This feature-length directorial debut from Carlos Cuarón sees Gael García Bernal and Diego Luna re-conjoin like they do (see: Y Tu Mamá También and most other films one or the other is in) to create a dromedy (do people say that?) attempting to satirise contemporary Mexico.
I’m a little bit of a fan of Gael García Bernal and Diego Luna, so was always going to enjoy Rudo Y Cursi. Like at Christmas: I’ll eat any mince pie and enjoy the experience of eating the mince pie because I like mince pies, but I won’t necessarily feel like the mince pie was a particularly good mince pie. That’s not to say that it’s a bad mince pie either, it’s just I’ve had better mince pies.
The performances of the dual leads are typically game, but unfortunately, for me, the protagonists – typified by their nicknames Rudi (Rude) and Cursi (Corny) – are more caricatures than characters. And though this helps the film deliver its more slapstick moments, it’s a hindrance to the political message.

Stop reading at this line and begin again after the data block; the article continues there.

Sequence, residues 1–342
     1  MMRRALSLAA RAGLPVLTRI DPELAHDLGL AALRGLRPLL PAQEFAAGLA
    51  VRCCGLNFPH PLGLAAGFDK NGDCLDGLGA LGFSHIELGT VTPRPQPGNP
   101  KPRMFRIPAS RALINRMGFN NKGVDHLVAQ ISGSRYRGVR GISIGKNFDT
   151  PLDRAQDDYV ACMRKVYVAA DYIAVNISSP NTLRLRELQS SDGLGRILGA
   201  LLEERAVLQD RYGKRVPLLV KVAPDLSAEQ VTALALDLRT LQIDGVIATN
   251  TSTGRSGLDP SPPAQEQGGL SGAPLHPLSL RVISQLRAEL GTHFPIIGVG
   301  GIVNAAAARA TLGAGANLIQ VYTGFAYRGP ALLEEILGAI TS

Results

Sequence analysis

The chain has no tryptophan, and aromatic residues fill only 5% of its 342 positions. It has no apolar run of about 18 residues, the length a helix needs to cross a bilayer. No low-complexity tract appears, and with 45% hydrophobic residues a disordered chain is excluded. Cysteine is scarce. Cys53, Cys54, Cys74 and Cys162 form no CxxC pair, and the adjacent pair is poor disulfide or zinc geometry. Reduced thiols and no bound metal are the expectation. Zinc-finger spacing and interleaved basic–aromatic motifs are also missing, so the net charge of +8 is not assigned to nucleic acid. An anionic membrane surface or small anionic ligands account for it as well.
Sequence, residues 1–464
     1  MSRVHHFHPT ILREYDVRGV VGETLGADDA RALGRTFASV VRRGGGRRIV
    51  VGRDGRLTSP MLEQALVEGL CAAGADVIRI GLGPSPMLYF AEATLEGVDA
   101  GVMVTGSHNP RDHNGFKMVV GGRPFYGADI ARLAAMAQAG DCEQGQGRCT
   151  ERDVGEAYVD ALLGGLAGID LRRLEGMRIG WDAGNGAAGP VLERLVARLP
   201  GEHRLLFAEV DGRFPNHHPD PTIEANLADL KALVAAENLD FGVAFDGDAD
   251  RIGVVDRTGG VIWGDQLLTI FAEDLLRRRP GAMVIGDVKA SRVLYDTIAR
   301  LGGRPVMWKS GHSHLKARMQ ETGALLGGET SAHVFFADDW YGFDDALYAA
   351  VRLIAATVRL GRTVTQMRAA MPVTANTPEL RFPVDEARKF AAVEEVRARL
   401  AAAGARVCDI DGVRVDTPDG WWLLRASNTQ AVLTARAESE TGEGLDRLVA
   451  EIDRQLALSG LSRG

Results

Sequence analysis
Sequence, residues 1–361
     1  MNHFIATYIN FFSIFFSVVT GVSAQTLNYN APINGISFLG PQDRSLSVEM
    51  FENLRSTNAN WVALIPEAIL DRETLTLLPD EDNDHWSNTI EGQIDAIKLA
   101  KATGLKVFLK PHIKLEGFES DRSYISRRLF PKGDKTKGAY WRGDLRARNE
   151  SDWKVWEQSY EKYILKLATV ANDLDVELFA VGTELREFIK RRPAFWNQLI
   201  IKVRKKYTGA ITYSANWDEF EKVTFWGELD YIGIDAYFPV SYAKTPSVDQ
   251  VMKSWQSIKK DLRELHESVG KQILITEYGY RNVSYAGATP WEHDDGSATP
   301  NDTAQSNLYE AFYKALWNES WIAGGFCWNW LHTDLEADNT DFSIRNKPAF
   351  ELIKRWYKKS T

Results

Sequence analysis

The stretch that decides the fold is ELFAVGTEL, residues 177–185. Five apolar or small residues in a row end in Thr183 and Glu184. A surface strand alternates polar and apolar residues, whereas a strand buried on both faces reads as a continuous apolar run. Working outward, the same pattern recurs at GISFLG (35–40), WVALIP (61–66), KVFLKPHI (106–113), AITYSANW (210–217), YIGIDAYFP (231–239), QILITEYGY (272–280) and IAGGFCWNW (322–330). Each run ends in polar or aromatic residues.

One of the most pleasing aspects of this film is that you actually see the actors playing football – they’re aren’t very good at it (but they’re not bad either), but it makes a refreshing change from the slick crop between leg shot and upper-body shot you get in 110 % of other football fillums. I’m almost tempted to say that it’s worth watching just for that because I think it is … oh wait, I just did!